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Nancy Mccarthy of The Skanner
Published: 08 March 2006

Portland Boulevard may soon bear the name of the late Rosa Parks, who ignited the country's civil rights movement.
The wide boulevard that memorializes the city and is bordered mostly by Portland's older, graceful houses of past generations, could be known as "Rosa Parks Way" as early as May.

City Commissioner Dan Saltzman is spearheading a campaign to rename the street after Parks, who died on Oct. 24. A first reading of a resolution proposing the name change will be heard by the City Council on April 19. The public hearing will be at 6 p.m. in the Interstate Firehouse Cultural Center. A second reading is scheduled on April 26.
Because the street isn't a state highway or otherwise regulated by the state, the change should be fairly simple, he said. The other advantage is that it isn't already named after someone.

Saltzman said he didn't know how long it would take for the name change to be official if the resolution is approved. The cost to change street signs and city maps is being studied, he said. The few businesses along the route, from where it curves into Willamette Boulevard to where it essentially ends at Northeast Durham Street, include small Mom-and-Pop grocery stores and gas stations.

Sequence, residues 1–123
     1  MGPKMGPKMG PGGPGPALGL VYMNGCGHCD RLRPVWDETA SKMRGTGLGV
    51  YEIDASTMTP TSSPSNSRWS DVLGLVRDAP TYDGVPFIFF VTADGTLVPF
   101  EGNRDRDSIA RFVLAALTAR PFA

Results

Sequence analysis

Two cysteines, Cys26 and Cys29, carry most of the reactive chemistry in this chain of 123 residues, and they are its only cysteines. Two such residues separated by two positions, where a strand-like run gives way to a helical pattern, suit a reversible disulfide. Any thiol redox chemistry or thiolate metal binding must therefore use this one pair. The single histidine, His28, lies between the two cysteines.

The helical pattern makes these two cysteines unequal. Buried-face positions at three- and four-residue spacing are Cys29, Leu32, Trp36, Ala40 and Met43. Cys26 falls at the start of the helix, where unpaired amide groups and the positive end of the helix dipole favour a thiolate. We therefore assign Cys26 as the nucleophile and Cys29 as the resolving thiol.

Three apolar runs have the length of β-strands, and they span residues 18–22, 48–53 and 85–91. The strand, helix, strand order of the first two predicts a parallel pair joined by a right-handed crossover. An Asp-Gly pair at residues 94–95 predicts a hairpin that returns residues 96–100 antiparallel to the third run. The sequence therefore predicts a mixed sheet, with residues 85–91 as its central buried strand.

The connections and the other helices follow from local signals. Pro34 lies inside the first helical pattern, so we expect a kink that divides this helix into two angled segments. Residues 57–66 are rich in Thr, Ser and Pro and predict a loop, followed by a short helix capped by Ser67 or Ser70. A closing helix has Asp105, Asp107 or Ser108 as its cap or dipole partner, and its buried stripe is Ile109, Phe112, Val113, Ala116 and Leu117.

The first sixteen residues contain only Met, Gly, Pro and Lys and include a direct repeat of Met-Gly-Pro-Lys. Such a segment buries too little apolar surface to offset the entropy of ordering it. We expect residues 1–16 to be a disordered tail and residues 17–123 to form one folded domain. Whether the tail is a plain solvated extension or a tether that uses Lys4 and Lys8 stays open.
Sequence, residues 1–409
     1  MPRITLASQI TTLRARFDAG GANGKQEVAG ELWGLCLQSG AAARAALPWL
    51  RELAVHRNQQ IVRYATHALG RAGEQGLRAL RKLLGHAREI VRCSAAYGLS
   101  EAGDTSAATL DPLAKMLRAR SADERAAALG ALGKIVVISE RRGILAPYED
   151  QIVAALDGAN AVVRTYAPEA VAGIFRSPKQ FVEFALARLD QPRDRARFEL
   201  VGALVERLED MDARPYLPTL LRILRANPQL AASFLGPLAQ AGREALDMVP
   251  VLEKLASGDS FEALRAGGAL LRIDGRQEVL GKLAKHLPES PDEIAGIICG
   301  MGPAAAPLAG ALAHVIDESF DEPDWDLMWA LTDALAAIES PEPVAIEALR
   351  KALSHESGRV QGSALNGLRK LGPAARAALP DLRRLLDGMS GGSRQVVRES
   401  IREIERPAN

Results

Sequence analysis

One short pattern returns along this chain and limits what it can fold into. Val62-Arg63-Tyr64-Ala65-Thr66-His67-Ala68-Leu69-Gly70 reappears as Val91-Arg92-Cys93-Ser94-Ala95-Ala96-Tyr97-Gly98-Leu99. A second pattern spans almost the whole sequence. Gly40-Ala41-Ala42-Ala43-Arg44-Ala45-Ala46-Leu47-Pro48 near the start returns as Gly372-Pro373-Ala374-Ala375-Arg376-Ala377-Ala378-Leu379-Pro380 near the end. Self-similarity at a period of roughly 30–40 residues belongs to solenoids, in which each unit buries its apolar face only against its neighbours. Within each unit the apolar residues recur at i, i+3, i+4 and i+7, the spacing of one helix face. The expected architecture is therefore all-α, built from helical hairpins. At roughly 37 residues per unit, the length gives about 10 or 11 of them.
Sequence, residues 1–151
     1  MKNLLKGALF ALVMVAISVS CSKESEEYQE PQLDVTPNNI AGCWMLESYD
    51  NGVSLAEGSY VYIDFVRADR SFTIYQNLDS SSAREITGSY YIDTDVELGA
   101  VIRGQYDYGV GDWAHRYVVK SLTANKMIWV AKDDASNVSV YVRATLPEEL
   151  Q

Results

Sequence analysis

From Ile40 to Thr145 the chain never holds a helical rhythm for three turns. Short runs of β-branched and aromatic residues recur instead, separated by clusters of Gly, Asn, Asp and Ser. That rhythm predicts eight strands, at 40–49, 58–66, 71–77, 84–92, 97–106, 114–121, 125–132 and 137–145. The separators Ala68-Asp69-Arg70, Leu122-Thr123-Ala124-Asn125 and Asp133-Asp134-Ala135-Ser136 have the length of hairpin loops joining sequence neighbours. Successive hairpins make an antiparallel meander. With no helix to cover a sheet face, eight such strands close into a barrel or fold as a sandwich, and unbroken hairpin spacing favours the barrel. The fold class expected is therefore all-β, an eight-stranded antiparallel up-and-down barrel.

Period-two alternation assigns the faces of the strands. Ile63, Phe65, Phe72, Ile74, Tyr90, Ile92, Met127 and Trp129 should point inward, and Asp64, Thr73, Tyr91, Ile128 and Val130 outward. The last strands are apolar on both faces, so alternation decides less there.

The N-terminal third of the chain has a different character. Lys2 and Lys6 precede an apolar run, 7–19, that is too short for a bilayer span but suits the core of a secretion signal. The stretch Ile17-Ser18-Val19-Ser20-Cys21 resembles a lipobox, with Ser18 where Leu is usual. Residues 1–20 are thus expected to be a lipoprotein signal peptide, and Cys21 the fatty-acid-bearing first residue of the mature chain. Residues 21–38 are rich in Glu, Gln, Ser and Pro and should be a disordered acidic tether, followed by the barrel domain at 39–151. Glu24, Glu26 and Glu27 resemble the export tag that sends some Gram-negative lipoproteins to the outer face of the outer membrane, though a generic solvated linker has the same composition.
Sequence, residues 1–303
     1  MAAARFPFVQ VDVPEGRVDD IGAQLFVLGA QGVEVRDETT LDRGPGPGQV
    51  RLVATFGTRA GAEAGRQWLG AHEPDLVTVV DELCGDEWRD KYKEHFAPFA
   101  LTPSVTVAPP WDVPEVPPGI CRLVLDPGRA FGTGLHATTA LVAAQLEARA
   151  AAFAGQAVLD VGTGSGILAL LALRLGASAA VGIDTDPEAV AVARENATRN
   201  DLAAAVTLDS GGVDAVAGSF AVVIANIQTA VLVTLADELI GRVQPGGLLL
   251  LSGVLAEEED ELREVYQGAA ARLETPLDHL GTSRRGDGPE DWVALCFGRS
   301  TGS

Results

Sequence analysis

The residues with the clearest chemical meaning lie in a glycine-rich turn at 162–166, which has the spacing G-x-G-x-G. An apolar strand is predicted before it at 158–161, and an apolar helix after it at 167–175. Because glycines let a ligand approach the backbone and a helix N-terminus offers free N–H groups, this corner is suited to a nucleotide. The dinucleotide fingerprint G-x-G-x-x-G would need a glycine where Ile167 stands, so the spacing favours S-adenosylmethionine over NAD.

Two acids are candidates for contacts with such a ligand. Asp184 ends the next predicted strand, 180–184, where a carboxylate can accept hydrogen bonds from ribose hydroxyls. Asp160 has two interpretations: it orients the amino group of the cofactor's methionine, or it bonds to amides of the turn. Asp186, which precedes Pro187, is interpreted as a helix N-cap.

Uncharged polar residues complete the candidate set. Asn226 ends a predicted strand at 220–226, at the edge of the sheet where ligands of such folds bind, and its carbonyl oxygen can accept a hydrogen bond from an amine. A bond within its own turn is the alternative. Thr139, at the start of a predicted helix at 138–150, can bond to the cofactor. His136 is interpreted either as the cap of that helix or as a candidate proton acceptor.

Although he hadn't heard of the proposal to rename Portland Boulevard until he was contacted by The Skanner, Brian McKenzie, owner of the Brian McKenzie Insurance Agency, at 2012 N. Portland Boulevard, called the idea a "fine tribute."

"I think Rosa Parks was a great lady," McKenzie said. "Portland Boulevard crosses Martin Luther King Jr. Boulevard. Both of them made a major impact on the nation's history."

McKenzie said he didn't think it would cost his business too much to change business cards if the street name was changed.

"It's really nice from a business viewpoint to be on Portland Boulevard because people know where it is, but if it's changed to Rosa Parks Way, they will eventually find it," McKenzie added.

He said he hoped that, before the council decided to rename the street, he and others in the area would be contacted.
"I would prefer that the city have a lot of input from people around here, that they pick up the phone and call us. Ninety-nine percent of the people are not going to go to a City Council meeting," McKenzie said.

Several people have suggested the name change, Saltzman said, and he is "simply taking the idea and processing it." However, he added, he believes renaming a main street that runs through North Portland and intersects with Martin Luther King Jr. Boulevard would be a "significant" symbol for the woman who defiantly refused to give up her seat on a Montgomery, Ala. city bus to a White man in 1955.

Her subsequent arrest for violating segregation laws caused Blacks in Montgomery to boycott the buses for nearly 13 months and propelled the young Martin Luther King Jr. into the leadership of the civil rights movement.